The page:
Interestingly, in this study a trend was noted for an increase in respiratory infections, positivity for HRSV and HBoV, in association with drier and cooler months. While the reasons for this are not entirely understood, one possibility is that the increased respiratory virus activity in March and April could be favored by the initiation of school term one or two months before, when assembly of susceptible children could provide conditions for viral spread. The frequency of detection of HBoV in 2005 was greater than three times that observed in the two following years, evidence that circulation of this agent in this region of Brazil may vary greatly from year to year, in a way similar to that previously documented in Italy [31].

Even though HBoV has been regarded as an infectious agent present worldwide, its pathogenic role in respiratory illness is still debatable. This virus is frequently detected in co-infection with other respiratory viruses of well-established pathogenic role [2], [24]. In addition, HBoV is fastidious to propagate in conventional cell cultures and an experimental infection model is lacking, what limits advances in understanding pathogenesis. Therefore, the search for an association of HBoV infections with possible molecular markers of active viral replication is a useful approache to investigate pathogenesis of this emerging virus.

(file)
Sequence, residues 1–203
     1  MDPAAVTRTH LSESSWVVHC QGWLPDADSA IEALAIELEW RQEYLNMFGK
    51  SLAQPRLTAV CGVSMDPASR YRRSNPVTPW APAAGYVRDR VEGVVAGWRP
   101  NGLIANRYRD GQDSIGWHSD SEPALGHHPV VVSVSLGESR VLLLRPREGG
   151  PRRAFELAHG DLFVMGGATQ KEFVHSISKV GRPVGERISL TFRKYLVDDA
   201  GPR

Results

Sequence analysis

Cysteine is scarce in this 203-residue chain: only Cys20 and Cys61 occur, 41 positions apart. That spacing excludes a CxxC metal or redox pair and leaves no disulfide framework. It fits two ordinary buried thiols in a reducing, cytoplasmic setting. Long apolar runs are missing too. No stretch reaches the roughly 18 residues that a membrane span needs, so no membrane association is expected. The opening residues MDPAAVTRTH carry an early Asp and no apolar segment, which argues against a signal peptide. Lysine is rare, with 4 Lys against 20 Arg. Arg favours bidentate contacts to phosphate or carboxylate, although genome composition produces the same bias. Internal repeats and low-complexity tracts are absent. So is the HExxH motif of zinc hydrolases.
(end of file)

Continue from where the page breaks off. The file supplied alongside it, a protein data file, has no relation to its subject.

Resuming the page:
In the present study, HBoV DNA was detected by PCR in samples from ARI patients, but not in nasopharyngeal secretions collected from asymptomatic children approximately 5 years before (1999–2000) in the same hospital. The significance of this finding is limited by the relatively small number of control samples available for testing, and by the fact that they were collected years before. However, the lack of detection of HBoV DNA by a sensitive PCR assay in samples collected from children carefully scrutinized for the presence of respiratory symptoms, adds support for a pathogenic role of HBoV in ARI, in agreement with previous studies [20], [32], [33].